It's more symbolic than substantive, but the Republican-led House on Friday approved a defense spending bill that includes two anti-gay amendments, the AP reported.

The last-minute efforts to undermine repeal of “Don't Ask, Don't Tell,” the 1993 law that bans gay and bisexual troops from serving openly, and prop up a federal ban on gay marriage in the military, were led by North Carolina Representative Virginia Foxx.

Republicans, with help from some Democrats, approved the $650-billion defense spending bill that includes the amendments.

Foxx's measure,which was supported by 19 Democrats, would bar the military from using federal funds to recognize the marriages of gay and lesbian couples. Foxx's amendment is in response to a Navy statement that asserted that the Defense of Marriage Act (DOMA), the law that bars federal agencies from recognizing the marriages of gay and lesbian couples, would not prohibit same-sex couples from marrying on base once the military's gay ban is repealed. (The Navy has since shrunk from the statement, saying it needed further review.)

(Related: Pentagon suspends DADT in wake of court order.)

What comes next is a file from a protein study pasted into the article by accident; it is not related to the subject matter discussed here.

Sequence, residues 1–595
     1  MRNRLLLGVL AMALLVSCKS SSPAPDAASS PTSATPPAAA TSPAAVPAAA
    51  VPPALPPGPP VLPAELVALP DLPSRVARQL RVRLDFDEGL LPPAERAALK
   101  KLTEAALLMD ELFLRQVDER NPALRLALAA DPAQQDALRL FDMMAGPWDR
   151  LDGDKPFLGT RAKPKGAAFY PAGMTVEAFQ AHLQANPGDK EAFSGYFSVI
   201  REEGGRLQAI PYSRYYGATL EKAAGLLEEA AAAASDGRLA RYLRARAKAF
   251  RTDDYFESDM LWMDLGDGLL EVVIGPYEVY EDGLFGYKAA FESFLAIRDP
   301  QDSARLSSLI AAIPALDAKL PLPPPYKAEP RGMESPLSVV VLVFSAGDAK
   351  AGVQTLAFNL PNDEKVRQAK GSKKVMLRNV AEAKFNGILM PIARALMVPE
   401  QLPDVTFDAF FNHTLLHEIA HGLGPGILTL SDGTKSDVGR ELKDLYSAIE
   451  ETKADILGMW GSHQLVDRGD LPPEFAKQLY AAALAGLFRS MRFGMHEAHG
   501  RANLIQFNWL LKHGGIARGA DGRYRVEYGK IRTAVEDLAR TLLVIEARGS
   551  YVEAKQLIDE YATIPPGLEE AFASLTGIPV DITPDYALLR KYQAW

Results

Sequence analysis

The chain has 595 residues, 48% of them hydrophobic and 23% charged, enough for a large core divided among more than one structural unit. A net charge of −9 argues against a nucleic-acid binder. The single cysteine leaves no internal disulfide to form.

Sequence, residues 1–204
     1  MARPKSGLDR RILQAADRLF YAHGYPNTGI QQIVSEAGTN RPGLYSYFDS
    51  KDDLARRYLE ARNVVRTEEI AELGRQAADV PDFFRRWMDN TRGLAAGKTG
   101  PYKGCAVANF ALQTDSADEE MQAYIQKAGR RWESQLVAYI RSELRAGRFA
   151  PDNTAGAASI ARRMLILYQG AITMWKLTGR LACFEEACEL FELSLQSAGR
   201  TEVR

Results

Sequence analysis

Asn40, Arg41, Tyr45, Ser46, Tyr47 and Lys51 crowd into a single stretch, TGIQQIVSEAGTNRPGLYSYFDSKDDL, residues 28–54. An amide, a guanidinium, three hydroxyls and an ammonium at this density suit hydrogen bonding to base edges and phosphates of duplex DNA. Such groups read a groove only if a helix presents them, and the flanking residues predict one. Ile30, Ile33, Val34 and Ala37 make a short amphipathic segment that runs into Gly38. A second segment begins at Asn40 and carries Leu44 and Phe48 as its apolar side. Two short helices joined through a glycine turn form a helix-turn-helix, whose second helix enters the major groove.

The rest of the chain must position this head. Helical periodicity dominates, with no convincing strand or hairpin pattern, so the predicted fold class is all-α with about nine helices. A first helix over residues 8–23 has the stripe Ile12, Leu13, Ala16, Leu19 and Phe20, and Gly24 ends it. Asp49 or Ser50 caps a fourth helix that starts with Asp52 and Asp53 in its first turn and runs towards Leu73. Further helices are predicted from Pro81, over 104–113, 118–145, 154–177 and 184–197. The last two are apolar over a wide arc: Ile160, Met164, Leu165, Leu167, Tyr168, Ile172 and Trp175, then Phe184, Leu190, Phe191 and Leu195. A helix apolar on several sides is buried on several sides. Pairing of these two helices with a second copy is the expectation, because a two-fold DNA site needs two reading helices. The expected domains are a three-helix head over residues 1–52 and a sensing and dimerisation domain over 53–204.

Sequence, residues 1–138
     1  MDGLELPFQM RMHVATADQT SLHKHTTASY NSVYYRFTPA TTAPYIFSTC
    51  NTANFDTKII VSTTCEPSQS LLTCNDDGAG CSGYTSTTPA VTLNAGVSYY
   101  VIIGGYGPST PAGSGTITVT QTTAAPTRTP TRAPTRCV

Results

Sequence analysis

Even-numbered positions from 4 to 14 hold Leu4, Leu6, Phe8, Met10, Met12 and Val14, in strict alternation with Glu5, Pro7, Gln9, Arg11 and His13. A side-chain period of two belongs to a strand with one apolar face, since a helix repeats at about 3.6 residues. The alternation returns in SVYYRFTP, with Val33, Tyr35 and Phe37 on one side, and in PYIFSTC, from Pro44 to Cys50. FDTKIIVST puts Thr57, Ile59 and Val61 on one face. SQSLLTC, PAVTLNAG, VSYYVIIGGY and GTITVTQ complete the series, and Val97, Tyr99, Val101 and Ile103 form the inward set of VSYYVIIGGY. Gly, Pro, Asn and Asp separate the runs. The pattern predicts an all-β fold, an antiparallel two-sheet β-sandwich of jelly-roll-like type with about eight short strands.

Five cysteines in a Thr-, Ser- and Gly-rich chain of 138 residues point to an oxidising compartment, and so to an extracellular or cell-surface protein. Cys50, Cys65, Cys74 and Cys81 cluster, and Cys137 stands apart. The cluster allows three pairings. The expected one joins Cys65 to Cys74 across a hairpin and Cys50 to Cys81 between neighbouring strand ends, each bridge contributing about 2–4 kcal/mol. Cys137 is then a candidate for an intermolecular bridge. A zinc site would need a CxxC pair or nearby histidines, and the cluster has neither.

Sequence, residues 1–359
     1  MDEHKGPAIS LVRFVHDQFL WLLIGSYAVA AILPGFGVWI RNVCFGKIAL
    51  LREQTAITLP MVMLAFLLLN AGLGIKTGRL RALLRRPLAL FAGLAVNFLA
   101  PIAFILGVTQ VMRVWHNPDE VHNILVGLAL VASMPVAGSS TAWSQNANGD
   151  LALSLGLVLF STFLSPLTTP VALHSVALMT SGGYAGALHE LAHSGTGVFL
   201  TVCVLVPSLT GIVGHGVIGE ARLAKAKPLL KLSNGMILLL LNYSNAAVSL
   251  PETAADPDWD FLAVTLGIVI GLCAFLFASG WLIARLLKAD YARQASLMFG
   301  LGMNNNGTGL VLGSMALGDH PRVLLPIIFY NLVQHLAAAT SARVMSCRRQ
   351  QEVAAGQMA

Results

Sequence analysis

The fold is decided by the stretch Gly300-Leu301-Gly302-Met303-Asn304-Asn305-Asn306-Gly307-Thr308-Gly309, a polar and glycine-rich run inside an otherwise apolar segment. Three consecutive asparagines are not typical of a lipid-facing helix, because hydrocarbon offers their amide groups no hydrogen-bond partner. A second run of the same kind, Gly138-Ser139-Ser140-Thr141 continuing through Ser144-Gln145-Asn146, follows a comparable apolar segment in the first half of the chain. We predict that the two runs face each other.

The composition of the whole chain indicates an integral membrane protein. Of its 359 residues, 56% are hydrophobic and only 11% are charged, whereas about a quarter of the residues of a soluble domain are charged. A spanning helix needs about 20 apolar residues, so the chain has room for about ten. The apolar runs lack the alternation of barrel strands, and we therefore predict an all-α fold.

“This amendment is completely unnecessary and only serves to cloud the debate over 'Don't Ask, Don't Tell' repeal by pointlessly injecting the issue of marriage equality into the conversation,” said Joe Solmonese, president of the Human Rights Campaign (HRC), the nation's largest gay rights advocate. “Since Pentagon officials have made it clear that they are bound by DOMA like every other federal agency, it's puzzling why Rep. Foxx would question whether our military leaders understand this point.”

A second amendment, sponsored by Kansas Representative Tim Huelskamp, would deny funding of training for military chaplains.

Huelskamp also suggested that the military was backing gay marriage: “I fear that chaplains who refuse to perform these ceremonies may find themselves under attack and their careers threatened.”

“Repealing 'Don't Ask, Don't Tell' was supposed to be about allowing people in the military to serve openly, not about promoting same-sex marriage in contravention of the Defense of Marriage Act,” Huelskamp added.

The amendments most likely won't find sufficient support in the Democrat-controlled Senate.

“House Republican leaders seem to have no end to their desire to play politics with lesbian, gay, bisexual and transgender people instead of tackling real problems,” Solmonese said. “It will be up to the Senate to reject the House's return to using LGBT Americans as a wedge issue.”